Please help by spreading the word and telling the Western Australian government that it is the wrong thing to do. Let them know that your tourist dollar (or if you are local, your vote!) depends on how they choose to react to this tragedy. These measures are only because they are afraid of public and local business outcry about the "unsafe" beaches. It is illogical and flawed.

Contact Hon Colin Barnett, Premier and Minister for State Development
wa-government@dpc.wa.gov.au

Contact Hon Norman Moore, Minister of Fisheries
Minister.Moore@dpc.wa.gov.au


Done and Done. Thanks Drew for the links!

Here's what I wrote:


Dear Sir or Madam,

Please do not kill the white sharks in coastal areas. Far better to educate the public that certain simple precautions can prevent shark attacks.


Best regards,
Scott Linge

#5 wagsy

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Posted 25 October 2011 - 06:28 PM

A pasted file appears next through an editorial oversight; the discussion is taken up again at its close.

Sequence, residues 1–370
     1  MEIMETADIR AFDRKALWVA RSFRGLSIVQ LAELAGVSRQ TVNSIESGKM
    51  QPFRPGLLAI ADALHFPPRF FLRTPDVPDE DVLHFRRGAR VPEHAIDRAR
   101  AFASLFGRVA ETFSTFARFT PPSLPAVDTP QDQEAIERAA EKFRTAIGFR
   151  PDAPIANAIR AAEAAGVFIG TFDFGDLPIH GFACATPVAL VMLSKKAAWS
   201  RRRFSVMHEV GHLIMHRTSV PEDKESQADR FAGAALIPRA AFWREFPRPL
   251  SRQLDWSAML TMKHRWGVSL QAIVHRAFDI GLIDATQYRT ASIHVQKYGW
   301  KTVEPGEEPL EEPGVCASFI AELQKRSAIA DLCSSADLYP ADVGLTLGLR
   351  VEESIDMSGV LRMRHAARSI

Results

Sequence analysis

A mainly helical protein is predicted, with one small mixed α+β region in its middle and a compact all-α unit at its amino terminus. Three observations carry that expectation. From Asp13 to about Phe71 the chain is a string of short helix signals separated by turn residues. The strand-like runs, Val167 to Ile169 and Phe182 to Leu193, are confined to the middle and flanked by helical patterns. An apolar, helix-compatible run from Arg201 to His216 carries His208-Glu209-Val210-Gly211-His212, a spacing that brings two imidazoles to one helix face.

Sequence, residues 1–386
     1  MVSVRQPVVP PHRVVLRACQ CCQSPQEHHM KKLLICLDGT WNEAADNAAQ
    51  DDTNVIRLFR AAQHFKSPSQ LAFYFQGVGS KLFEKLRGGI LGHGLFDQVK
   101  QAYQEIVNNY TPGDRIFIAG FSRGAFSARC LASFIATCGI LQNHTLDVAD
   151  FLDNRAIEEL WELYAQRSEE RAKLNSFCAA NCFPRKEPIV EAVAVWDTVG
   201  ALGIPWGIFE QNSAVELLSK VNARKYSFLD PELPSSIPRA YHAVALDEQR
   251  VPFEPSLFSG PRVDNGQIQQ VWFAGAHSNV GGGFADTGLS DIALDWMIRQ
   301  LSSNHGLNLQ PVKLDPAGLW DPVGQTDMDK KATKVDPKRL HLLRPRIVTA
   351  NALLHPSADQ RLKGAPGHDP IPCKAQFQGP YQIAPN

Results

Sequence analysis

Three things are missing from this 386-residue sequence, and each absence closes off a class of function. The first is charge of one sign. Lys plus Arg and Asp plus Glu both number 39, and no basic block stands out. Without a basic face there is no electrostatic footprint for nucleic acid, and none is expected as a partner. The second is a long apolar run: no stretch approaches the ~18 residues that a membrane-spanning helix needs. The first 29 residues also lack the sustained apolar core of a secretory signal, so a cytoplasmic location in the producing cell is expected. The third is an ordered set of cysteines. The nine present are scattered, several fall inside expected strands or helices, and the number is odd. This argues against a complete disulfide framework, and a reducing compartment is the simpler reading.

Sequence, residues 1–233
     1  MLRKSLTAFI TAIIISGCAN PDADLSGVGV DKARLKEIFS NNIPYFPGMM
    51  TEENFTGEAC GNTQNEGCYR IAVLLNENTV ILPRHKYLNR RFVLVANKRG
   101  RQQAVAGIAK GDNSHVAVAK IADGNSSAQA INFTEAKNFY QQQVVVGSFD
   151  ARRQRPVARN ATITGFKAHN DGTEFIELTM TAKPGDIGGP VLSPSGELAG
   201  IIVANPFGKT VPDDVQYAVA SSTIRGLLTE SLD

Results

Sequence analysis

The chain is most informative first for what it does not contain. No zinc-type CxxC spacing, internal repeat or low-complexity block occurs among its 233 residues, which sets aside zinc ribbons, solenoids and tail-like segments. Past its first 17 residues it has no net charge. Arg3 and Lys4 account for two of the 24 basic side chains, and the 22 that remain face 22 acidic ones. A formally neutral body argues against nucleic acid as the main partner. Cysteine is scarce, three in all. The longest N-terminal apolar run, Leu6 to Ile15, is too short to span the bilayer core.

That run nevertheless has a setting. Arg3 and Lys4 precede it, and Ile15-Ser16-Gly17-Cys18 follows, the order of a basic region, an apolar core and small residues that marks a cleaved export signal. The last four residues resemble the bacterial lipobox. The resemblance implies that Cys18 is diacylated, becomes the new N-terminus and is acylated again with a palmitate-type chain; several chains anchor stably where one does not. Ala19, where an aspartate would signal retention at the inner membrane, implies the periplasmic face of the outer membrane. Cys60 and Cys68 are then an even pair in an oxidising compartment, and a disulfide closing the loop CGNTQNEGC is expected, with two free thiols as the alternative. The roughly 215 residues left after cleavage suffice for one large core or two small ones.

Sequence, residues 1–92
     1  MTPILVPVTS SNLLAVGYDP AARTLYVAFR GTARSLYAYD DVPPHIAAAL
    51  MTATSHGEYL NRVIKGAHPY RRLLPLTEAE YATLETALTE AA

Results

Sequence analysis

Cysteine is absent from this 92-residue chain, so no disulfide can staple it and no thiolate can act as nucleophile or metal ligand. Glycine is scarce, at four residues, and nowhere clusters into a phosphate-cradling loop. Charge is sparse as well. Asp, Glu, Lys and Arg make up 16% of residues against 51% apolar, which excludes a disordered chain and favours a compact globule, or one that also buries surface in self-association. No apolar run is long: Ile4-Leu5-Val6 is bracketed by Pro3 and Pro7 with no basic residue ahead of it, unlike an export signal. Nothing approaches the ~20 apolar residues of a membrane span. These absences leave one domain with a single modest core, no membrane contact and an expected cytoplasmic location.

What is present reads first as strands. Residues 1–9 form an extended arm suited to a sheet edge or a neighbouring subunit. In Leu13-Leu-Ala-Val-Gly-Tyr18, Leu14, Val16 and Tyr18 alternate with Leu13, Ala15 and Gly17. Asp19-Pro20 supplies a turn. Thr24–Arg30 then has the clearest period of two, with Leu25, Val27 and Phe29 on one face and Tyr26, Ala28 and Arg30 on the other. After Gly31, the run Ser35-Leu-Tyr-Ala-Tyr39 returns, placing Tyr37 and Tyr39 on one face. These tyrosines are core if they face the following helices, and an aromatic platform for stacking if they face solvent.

Done, I think the WA government will be stunned by how many people are responding to their silly decision to hunt the KILLER SHARK lol
Lets hunt that KILLER BEE that killed that kid that other day while we are at it. lol
That Colin Barnett is a twat anyhow :-)
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#6 Scubaskeeter

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Posted 16 November 2011 - 05:32 PM

I got a nice email reply from the ministry. Looks like they will not kill the sharks unless extreme circumstances warrant:

( I tried to paste the letterhead logo here but it wouldn't paste)

Our ref: 26-11303

sglinge@yahoo.com

Dear Mr Linge

Thank you for your email to the Minister for Fisheries regarding the recent shark incidents at Western Australian beaches. The Minister has requested that I respond to you directly.